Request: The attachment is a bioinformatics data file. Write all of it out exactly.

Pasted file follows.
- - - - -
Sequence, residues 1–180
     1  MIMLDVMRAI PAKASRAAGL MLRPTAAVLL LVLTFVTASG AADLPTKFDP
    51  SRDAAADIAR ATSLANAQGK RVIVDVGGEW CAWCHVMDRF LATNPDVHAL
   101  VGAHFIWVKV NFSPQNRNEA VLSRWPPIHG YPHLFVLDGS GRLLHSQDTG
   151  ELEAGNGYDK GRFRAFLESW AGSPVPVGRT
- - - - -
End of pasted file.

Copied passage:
Sequence, residues 1–180
     1  MIMLDVMRAI PAKASRAAGL MLRPTAAVLL LVLTFVTASG AADLPTKFDP
    51  SRDAAADIAR ATSLANAQGK RVIVDVGGEW CAWCHVMDRF LATNPDVHAL
   101  VGAHFIWVKV NFSPQNRNEA VLSRWPPIHG YPHLFVLDGS GRLLHSQDTG
   151  ELEAGNGYDK GRFRAFLESW AGSPVPVGRT